What Are Head Lice?
Even the word “Lice” can be scary, but they are simply tiny insects. They can be found on various parts of the body, including the head, eyebrows, and eyelashes. They live on humans and feed on their blood. Lice that live close to the scalp are known as head lice.
They’re most often found on the back of the neck and behind the ears. And although lice can’t jump or fly, they can spread very easily from person to person through head-to-head contact, or through shared clothing or personal items (hats, towels, or hairbrushes). Contrary to popular myth, personal hygiene has nothing to do with getting head lice.
Do I have superlice?
It is impossible to tell but is becoming more likely given superlice are the dominant species of lice in the United States. If you are not sure what type of lice you have, you should consider purchasing a product that kills superlice to minimize the need of re-treating. To learn more about superlice, check out our page What are superlice?
To understand how to identify lice, it helps to know the three different forms of head lice:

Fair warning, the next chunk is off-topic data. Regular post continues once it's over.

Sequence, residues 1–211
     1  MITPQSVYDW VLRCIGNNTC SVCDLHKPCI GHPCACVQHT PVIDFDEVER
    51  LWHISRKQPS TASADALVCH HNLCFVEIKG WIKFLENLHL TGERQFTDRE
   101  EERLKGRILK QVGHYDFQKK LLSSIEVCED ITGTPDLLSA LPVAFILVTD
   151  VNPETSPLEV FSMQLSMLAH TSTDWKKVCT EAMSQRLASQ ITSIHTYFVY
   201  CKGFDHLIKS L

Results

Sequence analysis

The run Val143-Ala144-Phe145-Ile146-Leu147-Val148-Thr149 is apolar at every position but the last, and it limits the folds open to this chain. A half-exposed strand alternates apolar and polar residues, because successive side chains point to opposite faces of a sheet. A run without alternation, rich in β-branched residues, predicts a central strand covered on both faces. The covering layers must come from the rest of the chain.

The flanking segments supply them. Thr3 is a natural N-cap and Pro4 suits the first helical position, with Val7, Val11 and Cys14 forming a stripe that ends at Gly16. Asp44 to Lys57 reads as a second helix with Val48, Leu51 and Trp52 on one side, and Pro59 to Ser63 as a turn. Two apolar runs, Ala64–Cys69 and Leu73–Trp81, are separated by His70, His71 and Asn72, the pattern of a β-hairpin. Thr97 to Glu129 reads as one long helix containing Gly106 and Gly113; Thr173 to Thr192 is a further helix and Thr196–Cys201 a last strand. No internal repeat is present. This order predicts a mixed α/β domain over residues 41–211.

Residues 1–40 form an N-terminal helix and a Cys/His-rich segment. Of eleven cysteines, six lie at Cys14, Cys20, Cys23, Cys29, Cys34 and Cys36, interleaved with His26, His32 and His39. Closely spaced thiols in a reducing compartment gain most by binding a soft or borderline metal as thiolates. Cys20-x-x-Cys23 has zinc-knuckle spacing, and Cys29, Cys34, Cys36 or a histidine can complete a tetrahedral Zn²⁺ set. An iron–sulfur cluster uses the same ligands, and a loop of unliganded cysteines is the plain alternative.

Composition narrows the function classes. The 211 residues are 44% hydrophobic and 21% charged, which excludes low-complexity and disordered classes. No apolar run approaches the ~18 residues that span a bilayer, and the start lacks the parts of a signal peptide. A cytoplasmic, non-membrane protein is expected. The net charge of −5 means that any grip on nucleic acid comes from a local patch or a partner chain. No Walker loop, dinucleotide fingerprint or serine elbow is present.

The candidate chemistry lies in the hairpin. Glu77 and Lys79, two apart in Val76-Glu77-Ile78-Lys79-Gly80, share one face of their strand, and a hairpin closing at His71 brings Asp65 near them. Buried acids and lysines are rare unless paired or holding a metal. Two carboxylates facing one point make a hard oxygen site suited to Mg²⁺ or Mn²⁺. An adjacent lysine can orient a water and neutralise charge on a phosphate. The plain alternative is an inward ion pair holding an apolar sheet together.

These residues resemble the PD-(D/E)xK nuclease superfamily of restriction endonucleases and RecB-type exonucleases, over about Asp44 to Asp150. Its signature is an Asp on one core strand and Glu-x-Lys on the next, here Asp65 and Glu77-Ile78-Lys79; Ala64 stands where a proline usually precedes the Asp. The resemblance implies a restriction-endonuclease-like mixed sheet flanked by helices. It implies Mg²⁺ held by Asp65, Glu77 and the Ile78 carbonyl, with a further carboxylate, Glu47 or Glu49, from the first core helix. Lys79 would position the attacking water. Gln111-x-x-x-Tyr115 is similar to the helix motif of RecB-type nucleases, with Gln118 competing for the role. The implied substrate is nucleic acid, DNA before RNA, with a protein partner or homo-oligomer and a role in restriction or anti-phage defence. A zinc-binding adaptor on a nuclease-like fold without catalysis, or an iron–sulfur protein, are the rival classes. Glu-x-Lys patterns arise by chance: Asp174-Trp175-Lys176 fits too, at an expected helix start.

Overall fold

Nits are oval-shaped lice eggs that attach themselves to the hair shaft. They’re only about as large as a knot in a piece of thread, so they can be hard to see with the naked eye. Usually white or yellow in color, they’re often mistaken for dandruff or scabs. Nits usually take about 8-9 days to hatch. Eggs that are likely to hatch are usually located very close to the base of the hair shaft.
A nymph is an immature louse (singular of lice) that hatches from the nit. It takes about 9-12 days for a nymph to mature into an adult.
An adult louse is about the size of a sesame seed, has six legs, and is tan to grayish-white in color. An adult louse, which must feed on blood to live, can survive up to 30 days on a person’s head, but will die within one or two days if it falls off a person.